4. Keep him hydrated: Again, if you’re drifting, bring water and a dog bowl to keep your dog hydrated.
5. Keep him safe: Whether you’re drifting or wading, make sure your dog is wearing a life jacket. I learned this lesson in what could have been (and thankfully wasn’t) a tragic way. I took my dog Smudge with me on my annual weeklong fishing trip on the Delaware. He was having a fantastic time, running around but staying close as I fished, and then periodically swimming out, doing a lap around me, and then heading back to shore. On one of his forays out, he got caught in a fast-moving eddy that pulled him away from me and started rotating him around—I could see the confusion and panic in his eyes. Fortunately, my friend Peter was nearby and able to lean over, grab Smudge by the collar, and bring him to shore. See Best Life Jackets for Dogs for details on selecting and buying one.
6. Know where he is: When you’re casting, the very last thing in the world you want to do is snag your dog with a hook.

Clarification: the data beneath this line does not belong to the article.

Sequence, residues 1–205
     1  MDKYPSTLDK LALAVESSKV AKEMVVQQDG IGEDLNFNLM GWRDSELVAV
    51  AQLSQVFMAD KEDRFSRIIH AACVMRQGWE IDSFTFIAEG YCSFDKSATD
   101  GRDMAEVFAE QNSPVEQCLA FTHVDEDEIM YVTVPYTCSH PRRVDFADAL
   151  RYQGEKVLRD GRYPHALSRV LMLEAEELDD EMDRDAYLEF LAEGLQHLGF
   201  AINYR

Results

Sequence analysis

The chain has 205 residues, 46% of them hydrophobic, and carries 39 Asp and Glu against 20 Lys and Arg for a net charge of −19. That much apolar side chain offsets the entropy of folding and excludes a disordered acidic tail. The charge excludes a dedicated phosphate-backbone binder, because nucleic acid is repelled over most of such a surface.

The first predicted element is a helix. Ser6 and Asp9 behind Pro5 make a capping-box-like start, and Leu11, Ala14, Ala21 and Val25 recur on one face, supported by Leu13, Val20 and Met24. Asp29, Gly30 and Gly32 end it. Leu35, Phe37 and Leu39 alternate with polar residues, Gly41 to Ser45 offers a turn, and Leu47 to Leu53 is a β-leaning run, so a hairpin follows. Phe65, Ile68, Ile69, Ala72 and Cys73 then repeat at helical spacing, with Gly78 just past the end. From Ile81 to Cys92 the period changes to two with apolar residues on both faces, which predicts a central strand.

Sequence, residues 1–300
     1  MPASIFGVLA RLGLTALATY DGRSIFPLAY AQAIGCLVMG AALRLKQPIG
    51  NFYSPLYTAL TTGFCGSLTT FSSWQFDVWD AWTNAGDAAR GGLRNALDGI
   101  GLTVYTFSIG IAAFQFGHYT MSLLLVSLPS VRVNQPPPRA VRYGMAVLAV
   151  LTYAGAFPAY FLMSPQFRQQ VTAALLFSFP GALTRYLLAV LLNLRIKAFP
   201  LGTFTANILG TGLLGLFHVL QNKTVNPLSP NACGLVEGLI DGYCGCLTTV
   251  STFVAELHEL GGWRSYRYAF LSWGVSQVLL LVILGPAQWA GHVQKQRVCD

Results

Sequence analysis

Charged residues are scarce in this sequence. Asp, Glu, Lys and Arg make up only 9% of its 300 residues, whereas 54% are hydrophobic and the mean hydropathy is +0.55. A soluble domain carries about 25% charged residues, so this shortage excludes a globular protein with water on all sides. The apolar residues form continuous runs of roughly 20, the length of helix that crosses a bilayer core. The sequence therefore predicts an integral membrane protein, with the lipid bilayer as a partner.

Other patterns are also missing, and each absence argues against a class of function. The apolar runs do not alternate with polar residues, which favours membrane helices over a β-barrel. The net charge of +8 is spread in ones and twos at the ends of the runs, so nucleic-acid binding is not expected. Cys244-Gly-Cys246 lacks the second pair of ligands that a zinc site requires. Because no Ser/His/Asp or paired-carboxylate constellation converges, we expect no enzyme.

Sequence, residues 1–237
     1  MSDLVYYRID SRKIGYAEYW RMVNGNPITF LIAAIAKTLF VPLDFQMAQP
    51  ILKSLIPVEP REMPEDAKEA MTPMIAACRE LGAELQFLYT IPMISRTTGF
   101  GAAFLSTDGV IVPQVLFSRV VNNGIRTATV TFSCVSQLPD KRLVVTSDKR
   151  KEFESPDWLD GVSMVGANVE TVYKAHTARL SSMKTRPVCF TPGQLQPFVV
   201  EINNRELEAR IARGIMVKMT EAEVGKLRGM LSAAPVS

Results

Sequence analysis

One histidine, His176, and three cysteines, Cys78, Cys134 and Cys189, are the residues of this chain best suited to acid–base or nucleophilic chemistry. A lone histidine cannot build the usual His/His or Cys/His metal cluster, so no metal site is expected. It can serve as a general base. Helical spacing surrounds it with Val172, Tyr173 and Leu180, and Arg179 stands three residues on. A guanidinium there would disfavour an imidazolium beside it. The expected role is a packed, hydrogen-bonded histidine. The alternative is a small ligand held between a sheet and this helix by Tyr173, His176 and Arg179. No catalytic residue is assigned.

Favorite Pet Friendly Fishing Lodges
Here is a selection of dog-friendly lodgings for the fly fisherperson.

New York
Smith’s Colonial Motel is my destination every May. It’s located in Hancock, N.Y., where the east and west branches of the Delaware River meet. The Colonial isn’t fancy by any stretch of the imagination but the folks who run it are friendly and incredibly accommodating. Plus it is sited on a bluff above the East Branch, with an eagle’s nest in a nearby tree that makes for some amazing nature watching as you sip your morning coffee.

The view of Junction Pool from the back of Smith’s Colonial Motel, complete with eagles.

If you’re looking for something more indulgent in the Catskills, try the Emerson Resort & Spa in Mt. Tremper. You can practically walk outside and right into the Esopus River. In addition to spoiling yourself, you can spoil your pooch (or rather let the Emerson do it) by getting a PupGrade, which will entitle your dog to a welcome basket that includes a toy, bowl, placemat, and treats. Or take him to the onsite Woodnotes Grille and order from the Pup Fare menu, where he can choose between chicken breast, a grass-fed burger patty, or New York strip steak. Maybe he might even share some with you.

Guests enjoying themselves at the Emerson Resort.